Smallest European capital gets a chance to shine

Following a visit to Malta in January, an international group of young artists studying at the Städelschule, Frankfurt with the British artist Simon Starling, have developed a collaborative project with the roving arts organisation Malta Contemporary Art Foundation.

When In Rome has been developed in relation to the complexity of Malta’s history, to its life as a tourist destination, to its current role as a set for a diverse range of film productions and further still, as a staging post for political and military responses to conflict ridden countries in neighbouring North Africa.

To be realised in Valletta – the world’s smallest capital city – When In Rome will take the form of a three-day-long series of simultaneously performed actions which will serve to map the city’s streets in different ways. Each of these actions will be a re-enactment of a work made by another artist in a specific situation somewhere in the world over the last 40 years.

When performed simultaneously, overlaid within the confines of Valletta’s city walls, these re-enactments will add to this already complex place to create a cacophonic site – a layered and complex space within which to consider a contemporary understanding of what might constitute the very notion of a place.

Centred around the work of the Mexican-based, Belgian artist Francis Alÿs, whose 1:1 mapping of cities (often taking the form of low-key walks made with simple tools such as a block of ice, a leaking paint tin or a knotted flag) has come to represent an almost generic artistic response to urban space, When In Rome will furthermore include a carefully chosen selection of related actions by artists such as Gabriel Orozco and David Hammons.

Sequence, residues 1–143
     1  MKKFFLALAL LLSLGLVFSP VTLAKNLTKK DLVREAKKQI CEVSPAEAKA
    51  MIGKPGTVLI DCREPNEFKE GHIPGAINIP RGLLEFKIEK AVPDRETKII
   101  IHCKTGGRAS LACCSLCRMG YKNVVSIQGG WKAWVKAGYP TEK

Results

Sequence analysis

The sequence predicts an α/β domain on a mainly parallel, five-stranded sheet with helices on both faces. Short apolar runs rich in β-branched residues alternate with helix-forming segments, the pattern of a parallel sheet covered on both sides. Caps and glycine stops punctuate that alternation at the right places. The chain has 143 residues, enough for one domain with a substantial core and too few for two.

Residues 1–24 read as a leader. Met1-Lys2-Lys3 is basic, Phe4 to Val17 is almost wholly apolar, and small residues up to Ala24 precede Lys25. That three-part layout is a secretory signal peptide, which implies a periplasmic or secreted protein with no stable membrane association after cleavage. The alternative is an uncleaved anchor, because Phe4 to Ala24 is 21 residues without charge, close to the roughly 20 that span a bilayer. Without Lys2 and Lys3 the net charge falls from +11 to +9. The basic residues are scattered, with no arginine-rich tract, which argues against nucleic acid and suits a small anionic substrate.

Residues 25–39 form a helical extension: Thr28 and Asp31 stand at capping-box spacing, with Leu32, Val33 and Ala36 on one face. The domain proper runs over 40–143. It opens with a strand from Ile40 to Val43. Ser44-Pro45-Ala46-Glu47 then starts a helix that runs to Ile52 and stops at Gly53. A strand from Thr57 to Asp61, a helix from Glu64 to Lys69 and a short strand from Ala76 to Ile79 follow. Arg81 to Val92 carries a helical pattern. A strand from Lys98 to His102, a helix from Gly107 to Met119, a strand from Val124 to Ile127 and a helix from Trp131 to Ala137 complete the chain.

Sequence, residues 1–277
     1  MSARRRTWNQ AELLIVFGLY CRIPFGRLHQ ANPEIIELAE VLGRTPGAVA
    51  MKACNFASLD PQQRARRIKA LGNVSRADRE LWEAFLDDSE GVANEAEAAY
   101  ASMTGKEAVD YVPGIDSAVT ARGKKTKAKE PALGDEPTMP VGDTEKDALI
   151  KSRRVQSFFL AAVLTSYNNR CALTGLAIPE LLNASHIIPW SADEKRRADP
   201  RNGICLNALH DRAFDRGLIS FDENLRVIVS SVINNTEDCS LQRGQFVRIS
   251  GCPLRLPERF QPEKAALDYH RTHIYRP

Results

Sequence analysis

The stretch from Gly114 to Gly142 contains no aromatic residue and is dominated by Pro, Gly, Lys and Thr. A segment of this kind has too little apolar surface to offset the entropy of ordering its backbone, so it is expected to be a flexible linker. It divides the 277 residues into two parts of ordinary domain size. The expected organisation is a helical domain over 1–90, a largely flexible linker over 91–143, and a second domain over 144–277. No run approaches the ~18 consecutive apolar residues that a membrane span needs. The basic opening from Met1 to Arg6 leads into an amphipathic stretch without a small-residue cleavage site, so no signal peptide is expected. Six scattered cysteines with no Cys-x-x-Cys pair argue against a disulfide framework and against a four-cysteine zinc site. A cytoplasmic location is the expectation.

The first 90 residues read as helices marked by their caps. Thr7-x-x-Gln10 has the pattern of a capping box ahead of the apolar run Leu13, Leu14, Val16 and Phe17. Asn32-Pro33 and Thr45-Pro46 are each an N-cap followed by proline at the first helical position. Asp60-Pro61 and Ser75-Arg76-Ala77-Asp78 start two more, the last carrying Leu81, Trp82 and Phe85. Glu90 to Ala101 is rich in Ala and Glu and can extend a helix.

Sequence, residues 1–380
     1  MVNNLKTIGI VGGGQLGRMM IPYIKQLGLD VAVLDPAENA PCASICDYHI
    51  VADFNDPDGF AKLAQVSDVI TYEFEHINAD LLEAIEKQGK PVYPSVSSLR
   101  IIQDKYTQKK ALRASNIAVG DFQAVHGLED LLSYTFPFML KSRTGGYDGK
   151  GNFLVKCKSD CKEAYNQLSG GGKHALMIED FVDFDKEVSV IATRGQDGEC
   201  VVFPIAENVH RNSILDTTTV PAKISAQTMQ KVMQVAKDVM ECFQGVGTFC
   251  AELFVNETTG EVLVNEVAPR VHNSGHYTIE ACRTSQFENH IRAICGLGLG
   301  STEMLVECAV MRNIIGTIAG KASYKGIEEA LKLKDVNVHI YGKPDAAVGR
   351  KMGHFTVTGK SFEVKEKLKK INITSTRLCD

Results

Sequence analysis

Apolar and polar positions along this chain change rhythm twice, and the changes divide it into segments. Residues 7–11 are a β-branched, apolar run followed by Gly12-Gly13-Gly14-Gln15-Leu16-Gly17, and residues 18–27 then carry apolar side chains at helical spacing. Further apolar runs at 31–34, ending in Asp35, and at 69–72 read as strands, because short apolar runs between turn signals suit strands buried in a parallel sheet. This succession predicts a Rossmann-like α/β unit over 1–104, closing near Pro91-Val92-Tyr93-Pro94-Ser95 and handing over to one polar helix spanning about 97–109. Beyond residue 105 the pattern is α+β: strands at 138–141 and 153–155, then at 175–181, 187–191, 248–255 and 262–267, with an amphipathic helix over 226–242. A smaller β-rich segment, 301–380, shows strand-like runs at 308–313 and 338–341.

At any given moment during its duration, one might simultaneously encounter a displaced Coldstream Guardsman, a musician in search of the other half of their instrument, a sweater unravelling behind its owner, the sound of a tin can being kicked through the city and a painting on the move.

The Städelschule has become one of the most important and international art academies in the world led by world renowned arts practitioners including Nikolaus Hirsch, Daniel Birnbaum, Douglas Gordon, Judith Hopf, Tobias Rehberger, Simon Starling and Willem De Rooij.

Simon Starling was born in 1967 in Epsom, Surrey. He attended Glasgow School of Art from 1990 to 1992. From 1993 to 1996 he was a committee member of Transmission Gallery, Glasgow. He was the first recipient of the Blinky Palermo Grant in 1999 and in 2005 won the Turner Prize.He has exhibited extensively around the world including a recent solo show at Tate.

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